Obama Stuck U.S. Taxpayers With $12 Billion Park Maintenance Deficit

Mojave Trails (David McNew / Getty)
David McNew / Getty
Newport Beach, CA

President Obama already had run up the National Park’s deferred maintenance deficit to $12 billion when he dedicated three California national monuments in his last year in office.

The Sand to Snow National Monument, the Castle Mountains National Monument, and Mojave Trails National Monument were designated by President Obama on Feb. 12, 2016.

The Obama administration set the all-time record high for using executive orders to protect 265 million acres of U.S. land and water. But the latest National Park Service report, as Obama left office, detailed the deferred maintenance deficit for federal and state parks and monuments at $11,927,413,975. As the state with the largest backlog, California already had 28 sites that needed at least $1,769,798,353 in maintenance.

One of the biggest costs for the National Park Service and the National Fish and Wildlife Foundation is to eliminate non-native invasive animals. But there still is no definitive Forest Service or Bureau of Land Management study projecting the costs for the three new California monuments to comply with federal law on that score, and costs could be in the range of hundreds of millions of dollars.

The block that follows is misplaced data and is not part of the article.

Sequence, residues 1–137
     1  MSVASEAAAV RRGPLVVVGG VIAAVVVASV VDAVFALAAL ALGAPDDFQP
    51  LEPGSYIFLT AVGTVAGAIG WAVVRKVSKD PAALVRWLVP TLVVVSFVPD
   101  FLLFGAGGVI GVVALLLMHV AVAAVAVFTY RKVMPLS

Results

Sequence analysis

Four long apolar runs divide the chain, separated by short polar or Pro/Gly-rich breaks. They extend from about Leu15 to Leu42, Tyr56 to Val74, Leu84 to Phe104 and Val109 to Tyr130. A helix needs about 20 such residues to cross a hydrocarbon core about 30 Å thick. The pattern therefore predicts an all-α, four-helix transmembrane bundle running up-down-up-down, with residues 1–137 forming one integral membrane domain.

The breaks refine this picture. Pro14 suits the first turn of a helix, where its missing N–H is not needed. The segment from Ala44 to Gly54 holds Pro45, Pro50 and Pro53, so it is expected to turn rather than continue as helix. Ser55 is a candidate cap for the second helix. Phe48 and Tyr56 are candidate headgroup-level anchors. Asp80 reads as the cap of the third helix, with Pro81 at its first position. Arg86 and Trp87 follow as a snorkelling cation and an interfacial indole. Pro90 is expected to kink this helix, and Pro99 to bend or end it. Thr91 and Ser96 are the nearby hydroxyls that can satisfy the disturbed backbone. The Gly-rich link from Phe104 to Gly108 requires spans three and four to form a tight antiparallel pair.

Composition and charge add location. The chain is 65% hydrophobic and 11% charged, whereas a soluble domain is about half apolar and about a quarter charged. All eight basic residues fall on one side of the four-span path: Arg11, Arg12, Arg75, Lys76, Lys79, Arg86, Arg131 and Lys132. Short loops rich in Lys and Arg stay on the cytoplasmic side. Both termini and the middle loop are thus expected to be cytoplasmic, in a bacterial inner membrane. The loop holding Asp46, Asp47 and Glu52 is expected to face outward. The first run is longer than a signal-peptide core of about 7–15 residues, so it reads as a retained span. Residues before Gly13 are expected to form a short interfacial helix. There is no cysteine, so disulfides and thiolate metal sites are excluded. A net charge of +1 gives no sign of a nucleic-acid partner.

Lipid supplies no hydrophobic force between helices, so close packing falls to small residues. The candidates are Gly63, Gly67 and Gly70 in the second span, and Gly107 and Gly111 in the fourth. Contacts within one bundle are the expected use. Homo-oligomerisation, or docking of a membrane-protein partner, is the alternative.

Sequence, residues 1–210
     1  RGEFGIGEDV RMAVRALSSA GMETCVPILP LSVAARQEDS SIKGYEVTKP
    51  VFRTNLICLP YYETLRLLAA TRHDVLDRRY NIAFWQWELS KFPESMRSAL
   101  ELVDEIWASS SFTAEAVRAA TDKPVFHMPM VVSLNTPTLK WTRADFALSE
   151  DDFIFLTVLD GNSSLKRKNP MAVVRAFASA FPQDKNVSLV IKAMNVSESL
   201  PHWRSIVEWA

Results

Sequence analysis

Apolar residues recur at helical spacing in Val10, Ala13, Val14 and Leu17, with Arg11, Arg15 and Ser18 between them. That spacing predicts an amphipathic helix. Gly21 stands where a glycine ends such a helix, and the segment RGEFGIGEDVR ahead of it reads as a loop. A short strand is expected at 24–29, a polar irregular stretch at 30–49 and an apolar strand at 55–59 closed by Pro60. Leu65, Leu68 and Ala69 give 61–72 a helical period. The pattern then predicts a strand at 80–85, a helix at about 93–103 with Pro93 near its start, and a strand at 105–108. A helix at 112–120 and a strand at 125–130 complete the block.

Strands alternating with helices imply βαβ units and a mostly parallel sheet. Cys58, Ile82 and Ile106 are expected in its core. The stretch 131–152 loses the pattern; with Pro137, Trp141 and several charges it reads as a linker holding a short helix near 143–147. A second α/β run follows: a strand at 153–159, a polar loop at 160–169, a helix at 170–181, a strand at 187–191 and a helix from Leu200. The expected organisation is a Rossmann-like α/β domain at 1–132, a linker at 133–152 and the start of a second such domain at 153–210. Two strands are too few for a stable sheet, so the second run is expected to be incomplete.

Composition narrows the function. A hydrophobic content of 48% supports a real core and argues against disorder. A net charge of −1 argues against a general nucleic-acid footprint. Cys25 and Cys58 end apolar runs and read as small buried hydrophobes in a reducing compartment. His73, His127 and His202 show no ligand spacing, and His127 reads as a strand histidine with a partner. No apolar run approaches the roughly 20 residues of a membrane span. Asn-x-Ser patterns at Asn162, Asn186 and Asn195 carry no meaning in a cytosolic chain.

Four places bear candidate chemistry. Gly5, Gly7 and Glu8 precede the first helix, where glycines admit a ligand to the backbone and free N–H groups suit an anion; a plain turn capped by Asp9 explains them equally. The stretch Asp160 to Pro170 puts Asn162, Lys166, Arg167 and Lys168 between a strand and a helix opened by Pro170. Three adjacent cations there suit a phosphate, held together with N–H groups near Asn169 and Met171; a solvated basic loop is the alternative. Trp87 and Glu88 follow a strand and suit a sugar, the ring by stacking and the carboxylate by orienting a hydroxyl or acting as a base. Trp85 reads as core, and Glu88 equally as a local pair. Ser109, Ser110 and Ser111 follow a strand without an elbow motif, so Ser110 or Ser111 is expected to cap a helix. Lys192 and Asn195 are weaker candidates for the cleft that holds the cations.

All three of California’s new monuments will require removing large numbers of feral cattle, horses, pigs, sheep, dogs, cats, and other animals that were freed and allowed to roam as environmental groups bought up California properties from local farmers and ranchers.

Zoologist Roland Kays of North Carolina State University told the Gizmodo tech blog that cats are “an invasive species that can reach outlandishly high densities if left unchecked.” He referred to a 2013 study that found U.S. feral cats kill between 1.4 billion and 3.7 billion birds, and between 6.9 billion and 20.7 billion wild mammals, every year.

Desert Regional Director of the Wildlands Conservancy Jack Thompson notes that herds of gigantic, wild cattle that are now wreaking havoc on the environment in the new monuments. He believes that the steep and rugged terrain will make it difficult to round up feral cattle, even as the animals are aggressive toward unknowing day hikers.

Interior Secretary Ryan Zinke prepared a report that recommended President Trump consider potentially shrinking some or all of the 27 national monuments established by Presidents Obama, Bush and Clinton. But environmental groups promise they will litigate any effort to change the sites’ existing boundaries and protections.

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